Lack of Hybrid Work Norms Causes Turnover, Here's How to Establish Them
A lack of established norms for hybrid work can lead to an increased turnover. What do “hybrid work norms” look like and what role should orgs play in creating them? Read more.
Gartner has indicated that the lack of established norms for hybrid work can lead to an increased likelihood of turnover. In fact, they report that in settings without these established norms, it’s 12% more likely that employees will leave.
What do “hybrid work norms” look like and what role should HR be playing in establishing, communicating, and monitoring them?
What are hybrid work norms?
A norm is something that is considered to be typical or standard. In work settings, norms are related to how the work gets done, establishing expectations for how team members will interact and communicate with each other.
Gartner suggests that explicit norms should be established in three key areas:
Norms that foster connections.
Norms that enable flexibility.
Norms that increase visibility.
Whether you realize it or not, chances are you already have norms in place related to hybrid work—you just may not have explicitly referred to them this way, or even explicitly stated them. For instance:
Using asynchronous project management and communications tools like Asana or Slack.
Whether cameras should be on or off during Zoom meetings.
Agreed-upon windows of time to be "at your desk" to enable collaboration with colleagues in other time zones.
Times that are off limits for sending work emails, like evenings and weekends.
When expectations, or norms, are not explicit, though, misunderstandings and conflict will occur. Consider, for instance, the tension that can arise in a situation where a manager emails at all hours simply to send messages when they think of something and not expecting any immediate response or action, and an employee feeling that the email must be responded to quickly.
These types of misunderstandings have become more common in hybrid and remote work settings as HR leaders, managers, and employees continue to navigate a new normal that hasn’t likely had specific norms established.
Creating explicit working norms
A Mercer survey found that only 34% of organizations have formal rules in place for managing flexible work. Based on an assessment of 749 organizations they found that 48% relied on information or ambiguous guidelines and 17% were completely hands-off.
Explicit norms can help organizations minimize misunderstanding and boost engagement and retention. In an article for Harvard Business Review, Liz Fosslien and Mollie West Duffy say:
“During stressful times (i.e. right now), it’s good practice to write down the unstated cultural and emotional norms that exist within your team or company. They might have changed since you all started working from home, or perhaps they’ve never been explicit to everyone.”
When creating, or documenting these norms, it’s also important to seek input from the employees who will be impacted by them. Seeking input doesn’t mean that you’ll follow the personal preferences of every employee—that’s simply not possible. What it does mean, though, is that you will have a better understanding of what’s important to employees, what misunderstandings or misperceptions may exist, and where more clarity could help improve teamwork, collaboration, and engagement.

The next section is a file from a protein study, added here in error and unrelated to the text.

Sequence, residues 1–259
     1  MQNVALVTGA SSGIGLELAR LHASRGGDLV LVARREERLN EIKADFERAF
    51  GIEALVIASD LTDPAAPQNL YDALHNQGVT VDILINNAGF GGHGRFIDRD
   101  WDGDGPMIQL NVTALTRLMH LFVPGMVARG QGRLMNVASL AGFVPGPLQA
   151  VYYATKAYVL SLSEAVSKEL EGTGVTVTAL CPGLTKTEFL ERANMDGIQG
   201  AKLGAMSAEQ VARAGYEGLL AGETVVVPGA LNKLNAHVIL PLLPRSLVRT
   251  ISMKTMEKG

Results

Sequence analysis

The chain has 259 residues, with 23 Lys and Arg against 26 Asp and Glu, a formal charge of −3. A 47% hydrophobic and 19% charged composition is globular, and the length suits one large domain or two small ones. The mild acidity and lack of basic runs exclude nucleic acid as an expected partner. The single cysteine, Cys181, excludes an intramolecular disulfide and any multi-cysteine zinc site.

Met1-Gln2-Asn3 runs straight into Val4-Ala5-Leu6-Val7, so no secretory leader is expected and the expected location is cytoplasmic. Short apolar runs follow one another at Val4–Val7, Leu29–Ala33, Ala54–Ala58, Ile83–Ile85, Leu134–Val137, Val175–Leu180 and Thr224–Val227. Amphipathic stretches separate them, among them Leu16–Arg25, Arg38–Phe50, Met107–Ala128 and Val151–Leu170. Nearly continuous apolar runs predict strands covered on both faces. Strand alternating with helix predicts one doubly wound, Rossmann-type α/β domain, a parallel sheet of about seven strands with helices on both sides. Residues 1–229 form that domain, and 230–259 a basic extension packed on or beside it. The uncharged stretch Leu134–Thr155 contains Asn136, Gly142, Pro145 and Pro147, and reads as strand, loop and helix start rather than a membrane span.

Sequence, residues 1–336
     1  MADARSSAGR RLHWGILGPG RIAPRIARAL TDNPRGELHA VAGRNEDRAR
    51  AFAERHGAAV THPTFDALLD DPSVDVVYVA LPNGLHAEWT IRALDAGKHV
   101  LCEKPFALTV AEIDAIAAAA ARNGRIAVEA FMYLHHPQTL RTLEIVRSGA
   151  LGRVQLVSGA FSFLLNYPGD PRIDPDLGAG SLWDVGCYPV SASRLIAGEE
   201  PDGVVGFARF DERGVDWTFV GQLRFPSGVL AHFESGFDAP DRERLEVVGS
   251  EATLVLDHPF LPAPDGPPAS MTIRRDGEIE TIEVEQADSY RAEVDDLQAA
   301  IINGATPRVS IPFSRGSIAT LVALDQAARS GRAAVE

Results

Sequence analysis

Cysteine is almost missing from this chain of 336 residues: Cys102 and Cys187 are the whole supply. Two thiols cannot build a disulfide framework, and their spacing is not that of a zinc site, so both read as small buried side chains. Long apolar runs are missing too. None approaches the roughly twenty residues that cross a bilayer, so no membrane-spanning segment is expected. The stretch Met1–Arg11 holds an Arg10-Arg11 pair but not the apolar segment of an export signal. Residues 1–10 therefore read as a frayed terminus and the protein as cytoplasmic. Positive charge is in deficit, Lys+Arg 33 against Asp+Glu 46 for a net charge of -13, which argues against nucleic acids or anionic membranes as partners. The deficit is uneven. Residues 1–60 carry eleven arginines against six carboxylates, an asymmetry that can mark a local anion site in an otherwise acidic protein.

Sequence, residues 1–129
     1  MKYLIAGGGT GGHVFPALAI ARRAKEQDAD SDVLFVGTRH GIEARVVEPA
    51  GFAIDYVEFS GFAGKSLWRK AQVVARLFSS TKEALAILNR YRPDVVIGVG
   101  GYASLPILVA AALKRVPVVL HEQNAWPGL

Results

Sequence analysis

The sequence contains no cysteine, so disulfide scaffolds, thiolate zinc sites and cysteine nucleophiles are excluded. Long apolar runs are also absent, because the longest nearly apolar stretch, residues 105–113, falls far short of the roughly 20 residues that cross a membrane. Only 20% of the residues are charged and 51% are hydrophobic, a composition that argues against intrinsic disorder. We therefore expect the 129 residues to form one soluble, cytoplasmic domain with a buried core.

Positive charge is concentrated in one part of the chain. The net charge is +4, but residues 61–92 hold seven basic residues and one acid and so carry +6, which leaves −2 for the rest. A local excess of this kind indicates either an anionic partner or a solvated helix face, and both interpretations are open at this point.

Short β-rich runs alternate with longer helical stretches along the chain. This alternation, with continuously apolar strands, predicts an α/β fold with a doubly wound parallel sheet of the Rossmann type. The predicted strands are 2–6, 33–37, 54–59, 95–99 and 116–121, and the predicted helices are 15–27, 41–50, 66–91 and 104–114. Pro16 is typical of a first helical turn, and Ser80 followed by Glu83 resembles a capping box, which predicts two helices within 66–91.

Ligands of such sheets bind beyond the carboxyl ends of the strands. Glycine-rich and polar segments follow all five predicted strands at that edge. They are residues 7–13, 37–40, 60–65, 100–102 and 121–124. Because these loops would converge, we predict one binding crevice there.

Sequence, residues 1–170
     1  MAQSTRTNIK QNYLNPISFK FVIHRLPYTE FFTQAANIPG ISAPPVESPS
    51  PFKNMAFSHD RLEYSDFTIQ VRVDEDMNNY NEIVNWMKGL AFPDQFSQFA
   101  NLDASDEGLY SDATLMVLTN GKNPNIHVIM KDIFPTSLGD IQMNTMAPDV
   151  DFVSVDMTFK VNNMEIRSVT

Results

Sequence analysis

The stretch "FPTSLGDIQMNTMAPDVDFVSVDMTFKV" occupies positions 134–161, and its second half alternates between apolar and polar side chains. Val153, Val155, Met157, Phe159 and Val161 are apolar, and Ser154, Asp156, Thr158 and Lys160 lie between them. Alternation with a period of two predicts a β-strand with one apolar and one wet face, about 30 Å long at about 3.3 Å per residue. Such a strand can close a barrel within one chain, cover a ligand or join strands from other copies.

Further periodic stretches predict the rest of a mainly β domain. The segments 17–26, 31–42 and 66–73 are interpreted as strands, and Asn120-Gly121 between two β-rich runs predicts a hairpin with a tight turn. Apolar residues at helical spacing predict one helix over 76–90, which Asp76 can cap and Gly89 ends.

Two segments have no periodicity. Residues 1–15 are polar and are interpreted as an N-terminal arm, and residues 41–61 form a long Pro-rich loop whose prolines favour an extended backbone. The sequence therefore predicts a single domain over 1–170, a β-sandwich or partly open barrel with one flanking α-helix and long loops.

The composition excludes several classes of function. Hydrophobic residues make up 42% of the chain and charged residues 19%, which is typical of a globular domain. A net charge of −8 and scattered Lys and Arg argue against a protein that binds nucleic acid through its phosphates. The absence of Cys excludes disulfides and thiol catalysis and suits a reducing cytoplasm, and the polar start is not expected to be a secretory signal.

Examples of hybrid work norms
Hybrid work norms will obviously vary based on organizational and individual needs and preferences. Some examples, though, could include:
An agreement that emails will only be responded to during regular business hours (not during the evening or on weekends).
Establishing timeframes for when phone, email, Slack, or other communications or requests will be responded to: for instance, two hours for phone calls, within one day for non-urgent emails.
Remote teams should plan to be online and available to collaborate across time zones for certain time windows—say 9 a.m. to 3 p.m. for those on the West Coast.
Carnegie Mellon University published its working norms for a hybrid workforce on its website which address scheduling and meeting management, team management, engaging with remote employees, and learning opportunities.
When creating hybrid work norms there are some important best practices to follow for optimal results—and to ensure employees adhere to these expectations.
7 best practices for establishing hybrid work norms
Having the right hybrid work strategy can improve retention, according to research from The Hackett Group. Based on their research, they recommend:
Openly communicating with and actively listening to employees.
Implementing policies and supporting practices and tools that address a variety of work styles.
Equipping managers and employees to continuously evolve work design and practices.
Scheduling unstructured/informal meeting opportunities.
Being purposeful about using in-person time for creative work, relationship-building, and silo-breaking activities.
Monitoring and taking steps to enhance employee performance drivers, such as wellness and engagement.
Measuring employees on their work output, results, and outcomes rather than on performative work or hours logged.
Hybrid work is here to stay. And, as companies are increasingly finding that today’s employees value the freedom and flexibility that remote and hybrid work can bring, savvy employers recognize the role hybrid work can play in attracting and retaining top talent. Being thoughtful and explicit about hybrid work norms can help. Your people analytics data and collaborative analytics can give you a great starting point to begin conversations around establishing hybrid work norms.